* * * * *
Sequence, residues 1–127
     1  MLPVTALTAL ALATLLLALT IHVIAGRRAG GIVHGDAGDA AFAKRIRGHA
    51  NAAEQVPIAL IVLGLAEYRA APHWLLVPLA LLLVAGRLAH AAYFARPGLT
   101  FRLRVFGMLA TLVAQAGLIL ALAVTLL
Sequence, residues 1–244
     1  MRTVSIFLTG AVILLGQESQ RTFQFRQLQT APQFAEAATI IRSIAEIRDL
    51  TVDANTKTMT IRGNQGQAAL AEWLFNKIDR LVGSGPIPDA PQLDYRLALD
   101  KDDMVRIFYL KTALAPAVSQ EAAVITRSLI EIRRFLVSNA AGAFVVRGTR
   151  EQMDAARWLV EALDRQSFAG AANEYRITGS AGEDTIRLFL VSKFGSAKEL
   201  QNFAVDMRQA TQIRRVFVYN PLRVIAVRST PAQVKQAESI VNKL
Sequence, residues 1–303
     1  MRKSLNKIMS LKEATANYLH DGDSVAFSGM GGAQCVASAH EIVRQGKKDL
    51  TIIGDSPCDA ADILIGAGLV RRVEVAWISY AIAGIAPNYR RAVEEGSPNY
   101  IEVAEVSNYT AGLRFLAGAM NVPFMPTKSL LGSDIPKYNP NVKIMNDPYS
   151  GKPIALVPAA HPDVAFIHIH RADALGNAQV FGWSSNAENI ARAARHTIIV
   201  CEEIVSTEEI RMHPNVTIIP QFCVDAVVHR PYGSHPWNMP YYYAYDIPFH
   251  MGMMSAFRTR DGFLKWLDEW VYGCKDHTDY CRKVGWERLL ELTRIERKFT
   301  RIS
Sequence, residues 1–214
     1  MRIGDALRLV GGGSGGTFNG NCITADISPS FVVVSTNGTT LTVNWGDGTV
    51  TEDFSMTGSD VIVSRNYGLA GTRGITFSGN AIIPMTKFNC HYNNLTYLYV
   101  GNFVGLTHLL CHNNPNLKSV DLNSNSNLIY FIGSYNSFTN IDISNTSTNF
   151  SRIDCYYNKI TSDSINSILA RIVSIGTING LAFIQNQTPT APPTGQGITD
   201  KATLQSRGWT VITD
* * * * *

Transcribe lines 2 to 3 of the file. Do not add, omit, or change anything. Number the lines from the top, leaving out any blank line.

     1  MLPVTALTAL ALATLLLALT IHVIAGRRAG GIVHGDAGDA AFAKRIRGHA
    51  NAAEQVPIAL IVLGLAEYRA APHWLLVPLA LLLVAGRLAH AAYFARPGLT